Cheap flights to New Hampshire (NH), USA
If there is one thing that keeps tourists booking flights to New Hampshire every year, it’s the state’s no-frills attitude. As stated simply in New Hampshire's state motto: Live Free or Die.
Alongside pickup trucks and hunting racks, visitors to New Hampshire will also find beautiful beaches and scenic mountains. Travelers booking New Hampshire flights and accommodations during the summer months will find solace in quiet bike rides, rugged nature hikes and canoe trips down calm lakes and rivers. New Hampshire bed and breakfasts are the epitome of New England country comforts. Before boarding your New Hampshire flight back home, take a trip to America's Stonehenge in Salem and view the 4,000-year-old stone constructed site.
If you’re looking for the best of both worlds, book a flight to New Hampshire and spend a day or two exploring Boston – just an hour south of the peaceful mountains and lakes.
New Hampshire climate
Typical of New England, New Hampshire has long and cold winters, short springs, mild summers, and beautiful falls. Winter starts in November and lasts through March. In January the temperature can range from the low single digits to nearly 30 degrees (F). Snow is everywhere, but mostly in the White Mountains. Winter, however, is the best time to find cheap flights to New Hampshire. Spring warms up to the 50s and 60s, with an occasional snowstorm. June to August is summer, with temperatures in the 70s and 80s inland while the coast stays a bit cooler. Fall is beautiful with the leaves changing color. The colors start to change in the higher elevations in mid-September and the colors last through the end of October at the coast.
Best Time to Fly to New Hampshire
Summer is the peak tourist season as visitors take to the New Hampshire beaches, lakes, and mountains. Book New Hampshire flights and hotel rooms early as places tend to fill up fast and prices increase during the summer. Winter is a close second from November through March, creating a play land for snow enthusiasts. Fall is also busy with the leaf peepers coming to see the foliage.
Spring weather can be unpredictable and the black flies in late May can deter visitors, but the flowers are starting to bloom and bed-and-breakfasts often offer off-season rates. Late spring also brings daredevil skiers to Tuckerman Ravine.
Getting around New Hampshire
The best way to get around New Hampshire is by car. The scenery is beautiful throughout the state, and most of the tourist towns are too inviting not to get out and walk around to see the shops. Major highways run north-south through the state. Secondary and tertiary roads take you across the state — over the mountains and through gaps — and require a good map.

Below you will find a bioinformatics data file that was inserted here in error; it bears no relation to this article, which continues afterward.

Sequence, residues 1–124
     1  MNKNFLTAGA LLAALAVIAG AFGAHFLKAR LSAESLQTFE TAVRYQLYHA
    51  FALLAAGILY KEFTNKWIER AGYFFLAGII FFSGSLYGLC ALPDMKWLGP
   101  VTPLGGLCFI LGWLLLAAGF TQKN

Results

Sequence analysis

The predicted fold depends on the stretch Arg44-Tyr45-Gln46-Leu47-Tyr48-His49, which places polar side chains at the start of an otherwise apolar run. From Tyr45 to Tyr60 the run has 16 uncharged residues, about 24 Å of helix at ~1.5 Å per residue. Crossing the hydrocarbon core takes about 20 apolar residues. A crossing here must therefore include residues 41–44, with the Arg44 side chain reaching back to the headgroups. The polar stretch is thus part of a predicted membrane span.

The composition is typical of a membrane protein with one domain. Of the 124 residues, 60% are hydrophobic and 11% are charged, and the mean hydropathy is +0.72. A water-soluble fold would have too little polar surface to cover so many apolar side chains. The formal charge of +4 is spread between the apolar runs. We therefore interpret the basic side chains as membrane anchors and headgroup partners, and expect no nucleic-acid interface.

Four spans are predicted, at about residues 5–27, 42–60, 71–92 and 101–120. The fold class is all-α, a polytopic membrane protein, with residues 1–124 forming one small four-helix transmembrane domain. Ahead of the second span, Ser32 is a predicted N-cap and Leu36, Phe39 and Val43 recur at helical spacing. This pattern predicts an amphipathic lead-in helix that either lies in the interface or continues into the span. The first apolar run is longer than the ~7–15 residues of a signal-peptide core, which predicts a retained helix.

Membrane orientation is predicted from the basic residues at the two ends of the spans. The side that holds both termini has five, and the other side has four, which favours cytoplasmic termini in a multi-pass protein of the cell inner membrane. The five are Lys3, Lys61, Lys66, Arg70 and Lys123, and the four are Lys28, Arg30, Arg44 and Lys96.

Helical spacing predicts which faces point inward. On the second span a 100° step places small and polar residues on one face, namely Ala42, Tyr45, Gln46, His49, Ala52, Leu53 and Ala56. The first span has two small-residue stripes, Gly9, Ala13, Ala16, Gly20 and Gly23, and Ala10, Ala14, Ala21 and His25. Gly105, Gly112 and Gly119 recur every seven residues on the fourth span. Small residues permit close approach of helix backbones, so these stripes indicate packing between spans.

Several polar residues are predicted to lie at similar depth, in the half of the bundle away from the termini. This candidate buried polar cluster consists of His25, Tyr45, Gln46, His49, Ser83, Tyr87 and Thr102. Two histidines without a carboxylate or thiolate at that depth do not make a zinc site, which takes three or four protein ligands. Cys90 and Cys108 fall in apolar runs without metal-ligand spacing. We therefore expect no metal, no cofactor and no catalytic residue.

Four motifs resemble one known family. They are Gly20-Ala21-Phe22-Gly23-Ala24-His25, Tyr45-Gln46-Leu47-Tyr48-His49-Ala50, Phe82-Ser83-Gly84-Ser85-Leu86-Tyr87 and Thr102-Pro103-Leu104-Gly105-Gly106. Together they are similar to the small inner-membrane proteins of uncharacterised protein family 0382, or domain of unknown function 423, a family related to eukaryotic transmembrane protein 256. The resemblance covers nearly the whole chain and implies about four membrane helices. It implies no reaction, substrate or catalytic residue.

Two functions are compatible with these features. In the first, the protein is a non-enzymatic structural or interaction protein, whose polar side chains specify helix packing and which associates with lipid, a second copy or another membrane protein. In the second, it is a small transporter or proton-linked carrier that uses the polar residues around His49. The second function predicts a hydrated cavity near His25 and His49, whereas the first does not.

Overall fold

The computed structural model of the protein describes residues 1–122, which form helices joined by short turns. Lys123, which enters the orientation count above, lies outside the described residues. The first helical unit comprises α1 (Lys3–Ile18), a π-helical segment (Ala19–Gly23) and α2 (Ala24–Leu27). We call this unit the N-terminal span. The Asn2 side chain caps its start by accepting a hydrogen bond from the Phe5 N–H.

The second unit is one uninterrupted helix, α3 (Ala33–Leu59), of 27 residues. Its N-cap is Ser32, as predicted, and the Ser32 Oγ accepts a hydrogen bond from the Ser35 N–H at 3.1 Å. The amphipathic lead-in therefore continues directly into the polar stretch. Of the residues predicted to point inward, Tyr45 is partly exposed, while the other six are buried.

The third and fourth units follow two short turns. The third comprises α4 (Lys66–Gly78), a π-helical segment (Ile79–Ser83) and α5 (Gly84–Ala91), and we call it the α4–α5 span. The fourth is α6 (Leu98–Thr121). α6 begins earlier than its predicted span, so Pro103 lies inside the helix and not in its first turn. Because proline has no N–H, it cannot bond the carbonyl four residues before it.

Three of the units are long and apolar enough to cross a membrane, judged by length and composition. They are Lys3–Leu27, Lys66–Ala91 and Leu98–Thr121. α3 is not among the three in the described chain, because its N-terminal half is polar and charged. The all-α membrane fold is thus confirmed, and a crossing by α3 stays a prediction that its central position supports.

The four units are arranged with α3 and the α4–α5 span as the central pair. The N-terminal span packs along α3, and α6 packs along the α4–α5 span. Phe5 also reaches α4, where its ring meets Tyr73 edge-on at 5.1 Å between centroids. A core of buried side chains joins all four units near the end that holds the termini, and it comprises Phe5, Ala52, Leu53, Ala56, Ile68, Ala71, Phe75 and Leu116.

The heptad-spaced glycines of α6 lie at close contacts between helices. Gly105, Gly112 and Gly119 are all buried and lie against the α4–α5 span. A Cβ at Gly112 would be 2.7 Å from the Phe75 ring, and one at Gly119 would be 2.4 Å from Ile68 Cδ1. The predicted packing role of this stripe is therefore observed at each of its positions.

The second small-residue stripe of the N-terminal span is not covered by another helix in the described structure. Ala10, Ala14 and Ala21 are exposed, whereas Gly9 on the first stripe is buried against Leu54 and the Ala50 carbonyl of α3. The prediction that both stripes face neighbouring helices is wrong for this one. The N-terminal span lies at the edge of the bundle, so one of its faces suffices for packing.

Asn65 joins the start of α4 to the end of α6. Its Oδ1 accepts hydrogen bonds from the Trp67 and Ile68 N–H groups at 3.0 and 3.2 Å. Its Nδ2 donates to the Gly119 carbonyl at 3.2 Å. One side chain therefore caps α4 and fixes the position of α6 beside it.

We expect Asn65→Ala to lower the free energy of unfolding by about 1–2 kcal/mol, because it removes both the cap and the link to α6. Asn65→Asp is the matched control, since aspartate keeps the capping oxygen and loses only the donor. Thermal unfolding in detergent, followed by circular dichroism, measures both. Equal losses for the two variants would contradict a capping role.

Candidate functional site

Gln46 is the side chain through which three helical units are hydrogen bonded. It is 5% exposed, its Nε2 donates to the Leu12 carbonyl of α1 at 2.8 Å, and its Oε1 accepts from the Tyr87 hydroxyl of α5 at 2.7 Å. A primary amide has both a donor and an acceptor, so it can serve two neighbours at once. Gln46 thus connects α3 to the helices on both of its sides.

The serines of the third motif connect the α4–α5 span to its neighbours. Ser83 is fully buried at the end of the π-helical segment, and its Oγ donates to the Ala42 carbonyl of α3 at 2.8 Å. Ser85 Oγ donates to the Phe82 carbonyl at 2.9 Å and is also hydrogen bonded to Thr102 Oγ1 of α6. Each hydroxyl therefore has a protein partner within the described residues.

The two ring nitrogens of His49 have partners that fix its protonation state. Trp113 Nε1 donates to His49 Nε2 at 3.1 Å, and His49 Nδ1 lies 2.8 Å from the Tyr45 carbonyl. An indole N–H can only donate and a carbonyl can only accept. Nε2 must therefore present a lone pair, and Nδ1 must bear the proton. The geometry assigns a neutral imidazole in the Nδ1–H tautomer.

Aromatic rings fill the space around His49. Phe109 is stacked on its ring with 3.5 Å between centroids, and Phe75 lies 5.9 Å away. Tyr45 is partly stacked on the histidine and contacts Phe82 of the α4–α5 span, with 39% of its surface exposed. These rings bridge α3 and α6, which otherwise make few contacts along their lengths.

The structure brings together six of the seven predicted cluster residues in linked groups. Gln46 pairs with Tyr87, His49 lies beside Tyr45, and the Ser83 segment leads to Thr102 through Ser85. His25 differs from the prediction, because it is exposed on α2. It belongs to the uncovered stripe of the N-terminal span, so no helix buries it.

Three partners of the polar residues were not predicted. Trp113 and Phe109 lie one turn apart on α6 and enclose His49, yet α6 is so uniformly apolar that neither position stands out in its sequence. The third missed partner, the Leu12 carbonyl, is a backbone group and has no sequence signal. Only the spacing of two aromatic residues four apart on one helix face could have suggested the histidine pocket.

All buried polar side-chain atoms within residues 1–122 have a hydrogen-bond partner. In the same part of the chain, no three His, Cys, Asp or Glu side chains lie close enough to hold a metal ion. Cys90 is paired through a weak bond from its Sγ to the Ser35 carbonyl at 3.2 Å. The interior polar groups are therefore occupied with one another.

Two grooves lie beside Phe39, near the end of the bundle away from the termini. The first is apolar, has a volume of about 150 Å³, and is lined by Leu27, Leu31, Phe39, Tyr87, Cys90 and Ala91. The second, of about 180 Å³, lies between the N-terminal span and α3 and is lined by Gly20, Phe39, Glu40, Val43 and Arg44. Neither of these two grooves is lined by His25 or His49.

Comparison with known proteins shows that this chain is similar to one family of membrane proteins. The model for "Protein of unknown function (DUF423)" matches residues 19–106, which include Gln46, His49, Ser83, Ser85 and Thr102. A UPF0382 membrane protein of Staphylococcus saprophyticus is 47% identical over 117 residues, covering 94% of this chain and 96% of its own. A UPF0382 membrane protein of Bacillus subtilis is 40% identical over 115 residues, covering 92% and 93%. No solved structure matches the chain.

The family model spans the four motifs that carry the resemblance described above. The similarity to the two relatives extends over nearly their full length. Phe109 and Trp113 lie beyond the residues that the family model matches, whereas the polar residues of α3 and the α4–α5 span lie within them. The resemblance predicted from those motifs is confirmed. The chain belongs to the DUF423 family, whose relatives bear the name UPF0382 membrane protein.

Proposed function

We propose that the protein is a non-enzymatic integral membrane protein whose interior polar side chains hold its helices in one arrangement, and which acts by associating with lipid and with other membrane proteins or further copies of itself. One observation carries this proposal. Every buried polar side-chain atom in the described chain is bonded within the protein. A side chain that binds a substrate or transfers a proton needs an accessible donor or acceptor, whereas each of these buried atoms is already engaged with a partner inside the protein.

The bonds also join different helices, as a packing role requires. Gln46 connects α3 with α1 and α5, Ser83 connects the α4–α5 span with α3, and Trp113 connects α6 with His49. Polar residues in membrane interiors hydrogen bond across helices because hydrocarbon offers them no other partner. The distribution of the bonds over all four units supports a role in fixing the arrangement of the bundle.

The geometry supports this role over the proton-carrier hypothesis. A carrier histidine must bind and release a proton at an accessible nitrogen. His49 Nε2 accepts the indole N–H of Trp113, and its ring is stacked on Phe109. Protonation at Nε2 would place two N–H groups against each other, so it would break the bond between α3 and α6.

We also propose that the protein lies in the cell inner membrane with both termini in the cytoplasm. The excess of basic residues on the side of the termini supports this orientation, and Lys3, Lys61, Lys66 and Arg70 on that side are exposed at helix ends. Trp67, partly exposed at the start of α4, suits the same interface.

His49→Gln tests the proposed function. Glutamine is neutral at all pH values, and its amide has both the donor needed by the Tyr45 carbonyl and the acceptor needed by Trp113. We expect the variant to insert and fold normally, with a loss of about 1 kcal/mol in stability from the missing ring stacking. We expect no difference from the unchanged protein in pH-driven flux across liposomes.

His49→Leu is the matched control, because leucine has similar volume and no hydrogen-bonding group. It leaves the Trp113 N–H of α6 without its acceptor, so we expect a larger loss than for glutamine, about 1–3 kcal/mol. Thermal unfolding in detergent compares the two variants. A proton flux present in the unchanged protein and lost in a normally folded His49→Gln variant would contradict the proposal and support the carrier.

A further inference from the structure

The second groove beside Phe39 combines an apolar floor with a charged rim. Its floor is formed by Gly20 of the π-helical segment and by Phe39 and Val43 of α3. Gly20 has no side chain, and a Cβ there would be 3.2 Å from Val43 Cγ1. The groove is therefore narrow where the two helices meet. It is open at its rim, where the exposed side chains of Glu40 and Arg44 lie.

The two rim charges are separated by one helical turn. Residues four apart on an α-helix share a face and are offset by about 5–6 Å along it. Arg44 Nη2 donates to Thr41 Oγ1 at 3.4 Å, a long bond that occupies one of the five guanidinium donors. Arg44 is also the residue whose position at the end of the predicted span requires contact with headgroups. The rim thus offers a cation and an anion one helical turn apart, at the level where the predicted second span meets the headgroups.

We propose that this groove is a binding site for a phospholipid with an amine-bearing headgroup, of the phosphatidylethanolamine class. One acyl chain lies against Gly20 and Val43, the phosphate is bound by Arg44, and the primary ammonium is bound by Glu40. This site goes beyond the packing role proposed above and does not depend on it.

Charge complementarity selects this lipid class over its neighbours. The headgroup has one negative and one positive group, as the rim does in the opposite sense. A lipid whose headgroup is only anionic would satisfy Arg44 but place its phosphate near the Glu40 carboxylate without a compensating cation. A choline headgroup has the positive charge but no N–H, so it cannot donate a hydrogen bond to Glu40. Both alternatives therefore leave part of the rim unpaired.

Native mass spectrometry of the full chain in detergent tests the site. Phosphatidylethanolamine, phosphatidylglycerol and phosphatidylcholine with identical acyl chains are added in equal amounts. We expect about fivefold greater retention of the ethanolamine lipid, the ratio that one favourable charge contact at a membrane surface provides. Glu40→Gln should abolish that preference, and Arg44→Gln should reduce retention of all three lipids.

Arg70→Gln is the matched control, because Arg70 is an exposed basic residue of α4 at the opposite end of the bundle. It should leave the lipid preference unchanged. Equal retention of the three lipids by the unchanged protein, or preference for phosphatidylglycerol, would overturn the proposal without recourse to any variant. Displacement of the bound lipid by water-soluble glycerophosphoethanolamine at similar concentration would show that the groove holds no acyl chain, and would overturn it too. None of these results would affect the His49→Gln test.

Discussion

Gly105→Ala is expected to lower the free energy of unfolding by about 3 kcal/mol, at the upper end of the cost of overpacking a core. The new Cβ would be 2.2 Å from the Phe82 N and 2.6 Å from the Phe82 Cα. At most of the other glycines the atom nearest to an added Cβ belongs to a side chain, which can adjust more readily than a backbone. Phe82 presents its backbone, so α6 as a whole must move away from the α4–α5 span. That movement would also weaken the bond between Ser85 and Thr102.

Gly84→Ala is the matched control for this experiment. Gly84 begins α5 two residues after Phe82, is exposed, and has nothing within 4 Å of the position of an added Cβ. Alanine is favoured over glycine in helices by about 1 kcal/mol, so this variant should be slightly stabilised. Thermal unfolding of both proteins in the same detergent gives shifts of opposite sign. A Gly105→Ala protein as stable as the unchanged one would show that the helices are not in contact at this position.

Pay heed to moose crossing signs. Collisions between moose and cars are becoming more common. Moose eyes do not reflect in a car’s headlights, which makes moose very difficult to see at night, and they can cause considerable damage to a car.
Road biking is also a popular way to see New Hampshire. There is limited bus and train service in the state.
New Hampshire Travel Information
- Visit Yogi Bear’s Jellystone Park theme park. Its calendar of events is chock-full of happy occasions including Yogi’s Yuletide Christmas, held in July, and a delicious-sounding Chocolatemania weekend in August.
- Mount Washington, the highest peak in the northeast, provides a winter wonderland for skiing, snowmobiling, hiking, ice fishing and sleigh rides. Getting to the top by Cog Railway takes three hours. The train climbs nearly 6,288 feet to the summit of the mountain. Driving to the top is dependant on the weather, but the roads are clear until mid-October. Mount Washington State Park covers 59 acres at the top and is surrounded by the White Mountain National Forest (750,000 acres). On a clear day you can see to Vermont, New York, Massachusetts, Maine, Quebec, and on to the Atlantic Ocean. Peaks of the Presidential Range of mountains in the White Mountains are named for prominent Americans, either public figures of the 18th and 19th centuries or Presidents.
- The Ashuelot bridge is considered to be one of the state’s most elaborate covered bridges, while West Swanzey Bridge is considered the one of the most beautiful.
- The Isles of Shoals are a group of nine small islands situated about 10 miles off the coast and straddling New Hampshire and Maine. Star Island, the second biggest (after Appledore Island) is served by boat from the mainland and is open to visitors. The Rutledge Marine Lab is open daily. Smuttynose Island is the third biggest and is where Blackbeard, the famous pirate, honeymooned with his fifteenth wife. Her ghost is said to haunt the island’s shores and Blackbeard’s buried treasure has yet to be discovered too.
- Poet Robert Frost’s summer home is in Franconia Notch, on the western side of the Presidential Range. Each year a promising poet is offered a summer residence.
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